Symbolic Models

Symbolic models are more powerful than pure numeric models. In fact, they can do everything that an EpiModel can do and more. Symbolic models are named like that because they are based on sympy symbols (and as such function as a hybrid between numeric evaluations and computer algebra systems).

Example: SIRS model

First, we define all compartments and parameters as sympy symbols

from epipack import SymbolicEpiModel
import sympy as sy

S, I, R, eta, rho, omega = sy.symbols("S I R eta rho omega")

With these symbols, we can set up the base model

SIRS = SymbolicEpiModel([S,I,R])\
        (S, I, eta, I, I),
        (I, rho, R),
        (R, omega, S),

That's all. Now we can analyze the system analytically.


Let's begin by looking at the ODEs of the deterministic model.

In [79]: SIRS.ODEs()
[Eq(Derivative(S, t), -I*S*eta + R*omega),
 Eq(Derivative(I, t), I*(S*eta - rho)),
 Eq(Derivative(R, t), I*rho - R*omega)]

In a jupyter notebook, we can display the ODEs with LaTeX.


Fixed Points and Linear Stability

Usually, we're interested in fixed points of the system. You can let sympy find them.


Also, we're interested in the linear stability of these fixed points. Let's use the fixed point

\[Y = (\rho / \eta, R\omega/\rho, R)\]

First, we need to eliminate the unset value \(R\) by using the normalization condition

\[\begin{split}S + I + R = 1\\ \frac{\eta}{\rho} + R\frac{\omega}{\rho} + R = 1\\ R = \frac{\eta}{\rho + \omega}.\end{split}\]

The linear stability can now be found using the following method

>>> SIRS.get_eigenvalues_at_fixed_point({
...     S : rho / eta,
...     I : eta * omega / rho / (omega + rho),
...     R : eta / (omega + rho),
... })
{-omega*(eta**2 + omega*rho + rho**2)/(2*rho*(omega + rho)) - sqrt(omega*(eta**4*omega - 2*eta**2*omega**2*rho - 6*eta**2*omega*rho**2 - 4*eta**2*rho**3 + omega**3*rho**2 + 2*omega**2*rho**3 + omega*rho**4))/(2*rho*(omega + rho)): 1,
 -omega*(eta**2 + omega*rho + rho**2)/(2*rho*(omega + rho)) + sqrt(omega*(eta**4*omega - 2*eta**2*omega**2*rho - 6*eta**2*omega*rho**2 - 4*eta**2*rho**3 + omega**3*rho**2 + 2*omega**2*rho**3 + omega*rho**4))/(2*rho*(omega + rho)): 1,
 0: 1}

The eigenvalues contain parts that can become complex - explaining the emergence of oscillations in this system.

Of course, the epidemic threshold is a central observable of interest. To find this threshold, we need to compute the linear stability at the disease free state \(Y = (1,0,0)\).

>>> SIRS.get_eigenvalues_at_disease_free_state()
{-omega: 1, eta - rho: 1, 0: 1}

The disease free state therefore becomes unstable when \(\eta > \rho\), i.e the epidemic threshold is given as

\[\eta / \rho = 1.\]


In order to analyze linear stability, we need access to the system's Jacobian that can be found as

>>> SIRS.jacobian()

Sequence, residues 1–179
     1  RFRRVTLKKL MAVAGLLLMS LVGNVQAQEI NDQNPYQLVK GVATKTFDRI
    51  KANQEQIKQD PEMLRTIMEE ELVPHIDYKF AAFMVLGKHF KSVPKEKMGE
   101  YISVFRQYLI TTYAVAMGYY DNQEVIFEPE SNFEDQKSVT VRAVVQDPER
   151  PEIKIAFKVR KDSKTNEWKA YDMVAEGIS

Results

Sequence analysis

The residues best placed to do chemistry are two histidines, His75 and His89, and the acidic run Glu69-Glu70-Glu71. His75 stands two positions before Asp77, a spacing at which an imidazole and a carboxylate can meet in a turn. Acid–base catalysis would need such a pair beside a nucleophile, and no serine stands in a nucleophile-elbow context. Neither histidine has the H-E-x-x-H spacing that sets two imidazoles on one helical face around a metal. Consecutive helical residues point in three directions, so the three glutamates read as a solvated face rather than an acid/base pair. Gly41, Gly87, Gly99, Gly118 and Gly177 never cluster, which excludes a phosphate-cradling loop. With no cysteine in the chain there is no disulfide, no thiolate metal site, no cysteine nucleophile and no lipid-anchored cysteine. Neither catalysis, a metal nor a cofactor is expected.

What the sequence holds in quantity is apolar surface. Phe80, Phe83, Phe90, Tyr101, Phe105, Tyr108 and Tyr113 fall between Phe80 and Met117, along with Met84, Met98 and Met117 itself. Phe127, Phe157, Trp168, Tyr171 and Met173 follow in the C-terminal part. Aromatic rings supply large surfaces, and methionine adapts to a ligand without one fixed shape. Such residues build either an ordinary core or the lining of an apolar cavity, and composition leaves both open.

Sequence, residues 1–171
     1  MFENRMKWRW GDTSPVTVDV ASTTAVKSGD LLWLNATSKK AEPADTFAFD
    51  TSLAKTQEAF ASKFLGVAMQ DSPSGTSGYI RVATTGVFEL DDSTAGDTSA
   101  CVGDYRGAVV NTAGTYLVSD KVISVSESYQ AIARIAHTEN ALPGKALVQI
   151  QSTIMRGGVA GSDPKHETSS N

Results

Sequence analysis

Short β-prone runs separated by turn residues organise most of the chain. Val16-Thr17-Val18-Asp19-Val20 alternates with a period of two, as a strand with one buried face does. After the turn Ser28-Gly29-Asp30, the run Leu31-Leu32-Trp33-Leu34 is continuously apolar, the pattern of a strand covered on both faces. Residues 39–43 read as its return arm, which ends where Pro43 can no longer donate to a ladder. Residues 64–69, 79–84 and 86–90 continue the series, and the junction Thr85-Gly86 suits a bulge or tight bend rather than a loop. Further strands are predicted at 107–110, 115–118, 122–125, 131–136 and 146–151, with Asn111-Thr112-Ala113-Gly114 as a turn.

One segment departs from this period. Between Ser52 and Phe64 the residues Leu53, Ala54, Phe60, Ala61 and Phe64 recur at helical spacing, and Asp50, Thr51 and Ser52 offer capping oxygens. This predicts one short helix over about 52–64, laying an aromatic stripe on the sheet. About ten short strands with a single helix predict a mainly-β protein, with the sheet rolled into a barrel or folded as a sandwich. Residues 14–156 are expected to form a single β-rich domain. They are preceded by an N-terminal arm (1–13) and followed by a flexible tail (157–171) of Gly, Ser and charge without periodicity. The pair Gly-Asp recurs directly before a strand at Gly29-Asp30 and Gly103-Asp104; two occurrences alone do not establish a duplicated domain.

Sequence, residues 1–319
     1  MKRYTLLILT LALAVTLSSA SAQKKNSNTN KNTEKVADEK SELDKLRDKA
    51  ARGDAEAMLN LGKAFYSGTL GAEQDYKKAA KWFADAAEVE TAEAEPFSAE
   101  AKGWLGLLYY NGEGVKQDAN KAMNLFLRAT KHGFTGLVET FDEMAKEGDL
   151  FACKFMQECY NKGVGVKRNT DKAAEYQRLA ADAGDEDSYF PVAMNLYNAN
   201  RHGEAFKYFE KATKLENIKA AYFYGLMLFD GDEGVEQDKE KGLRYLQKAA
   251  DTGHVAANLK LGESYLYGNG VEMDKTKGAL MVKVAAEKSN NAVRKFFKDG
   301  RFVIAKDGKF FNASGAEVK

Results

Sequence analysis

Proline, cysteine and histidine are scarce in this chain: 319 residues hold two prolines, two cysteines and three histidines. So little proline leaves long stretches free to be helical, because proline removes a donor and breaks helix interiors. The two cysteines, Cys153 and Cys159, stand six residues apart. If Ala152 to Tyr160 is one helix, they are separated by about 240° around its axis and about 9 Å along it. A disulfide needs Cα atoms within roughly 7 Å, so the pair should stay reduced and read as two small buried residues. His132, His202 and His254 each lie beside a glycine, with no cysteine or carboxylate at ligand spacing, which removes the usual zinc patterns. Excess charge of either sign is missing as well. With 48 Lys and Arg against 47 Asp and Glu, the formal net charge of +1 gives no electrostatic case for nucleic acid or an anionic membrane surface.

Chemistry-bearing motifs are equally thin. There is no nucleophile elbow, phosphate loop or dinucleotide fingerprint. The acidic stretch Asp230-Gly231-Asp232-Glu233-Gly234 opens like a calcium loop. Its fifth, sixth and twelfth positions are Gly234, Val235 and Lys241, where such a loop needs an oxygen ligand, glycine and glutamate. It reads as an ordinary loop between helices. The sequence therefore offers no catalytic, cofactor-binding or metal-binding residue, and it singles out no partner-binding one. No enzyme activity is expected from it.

Analyze Numerically and Stochastically

SymbolicEpiModel inherits all analysis methods from EpiModel. Hence, we can do everything that we can do with an EpiModel. All we need to do is to set numerical parameter values

SIRS.set_parameter_values({eta: 2.5, rho: 1.0, omega:1/14})
t = np.linspace(0,40,1000)
result = SIRS.integrate(t)
N = 10000
SIRS = SymbolicEpiModel([S,I,R],N)
t_sim, result_sim = SIRS.simulate(40)

Integrated/simulated system based on a SymbolicEpiModel.

Interactive Analysis

In jupyter notebooks, a SymbolicEpiModel can be used with an interactive widget.

Make sure to first run

%matplotlib widget

Now we define the model as before, but as parameters we use the infectious period \(\tau\) (instead of the recovery rate \(\rho\)) and the basic reproduction number \(R_0 = \eta\tau\).

S, I, R, R0, tau, omega = sympy.symbols("S I R R_0 tau omega")

I0 = 0.01
model = SymbolicEpiModel([S,I,R])\
                    (S, I, R0/tau, I, I),
                    (I, 1/tau, R),
                    (R, omega, S),
             .set_initial_conditions({S:1-I0, I:I0})

Now we set parameter ranges instead of parameter values with epipack.interactive.Range and epipack.interactive.LogRange.

Each parameter value that's associated with a range will be rendered as a slider.

We can define these parameters like so:

from epipack.interactive import InteractiveIntegrator, Range, LogRange

parameters = {
    R0: LogRange(min=0.1,max=10,step_count=1000),
    tau: Range(min=0.1,max=10,value=8.0),
    omega: 1/14

And then we just run the integrator.

t = np.logspace(-3,2,1000)
InteractiveIntegrator(model, parameters, t, figsize=(4,4))

Pure ODE Models

In case you already have an ODE system ready to go, you can define it with epipack.symbolic_epi_models.SymbolicODEModel without going through the hassle of converting it to reaction processes. Simply define the equations as a list of sympy equation objects:

import sympy as sy
from epipack import SymbolicODEModel

S, I, R, alpha, beta, t = sy.symbols("S I R alpha beta t")

ODEs = [
    sy.Eq(sy.Derivative(S, t), -alpha*S*I),
    sy.Eq(sy.Derivative(I, t), +alpha*S*I - beta*I),
    sy.Eq(sy.Derivative(R, t), +beta*I),

model = SymbolicODEModel(ODEs)

epipack infers the compartments automatically. Note that stochastic simulations are not possible with this model since events cannot be inferred from ODEs.